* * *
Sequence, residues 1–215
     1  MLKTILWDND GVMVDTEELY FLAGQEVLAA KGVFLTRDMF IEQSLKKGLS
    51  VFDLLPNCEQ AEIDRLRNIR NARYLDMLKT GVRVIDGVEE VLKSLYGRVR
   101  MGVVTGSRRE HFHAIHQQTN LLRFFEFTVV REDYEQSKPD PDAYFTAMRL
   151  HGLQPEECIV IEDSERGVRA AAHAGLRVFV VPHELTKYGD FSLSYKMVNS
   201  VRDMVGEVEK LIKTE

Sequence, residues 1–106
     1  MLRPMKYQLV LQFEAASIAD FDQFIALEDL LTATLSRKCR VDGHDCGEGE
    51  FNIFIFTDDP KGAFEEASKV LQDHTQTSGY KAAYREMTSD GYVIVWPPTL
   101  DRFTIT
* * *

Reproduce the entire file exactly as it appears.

Sequence, residues 1–215
     1  MLKTILWDND GVMVDTEELY FLAGQEVLAA KGVFLTRDMF IEQSLKKGLS
    51  VFDLLPNCEQ AEIDRLRNIR NARYLDMLKT GVRVIDGVEE VLKSLYGRVR
   101  MGVVTGSRRE HFHAIHQQTN LLRFFEFTVV REDYEQSKPD PDAYFTAMRL
   151  HGLQPEECIV IEDSERGVRA AAHAGLRVFV VPHELTKYGD FSLSYKMVNS
   201  VRDMVGEVEK LIKTE

Sequence, residues 1–106
     1  MLRPMKYQLV LQFEAASIAD FDQFIALEDL LTATLSRKCR VDGHDCGEGE
    51  FNIFIFTDDP KGAFEEASKV LQDHTQTSGY KAAYREMTSD GYVIVWPPTL
   101  DRFTIT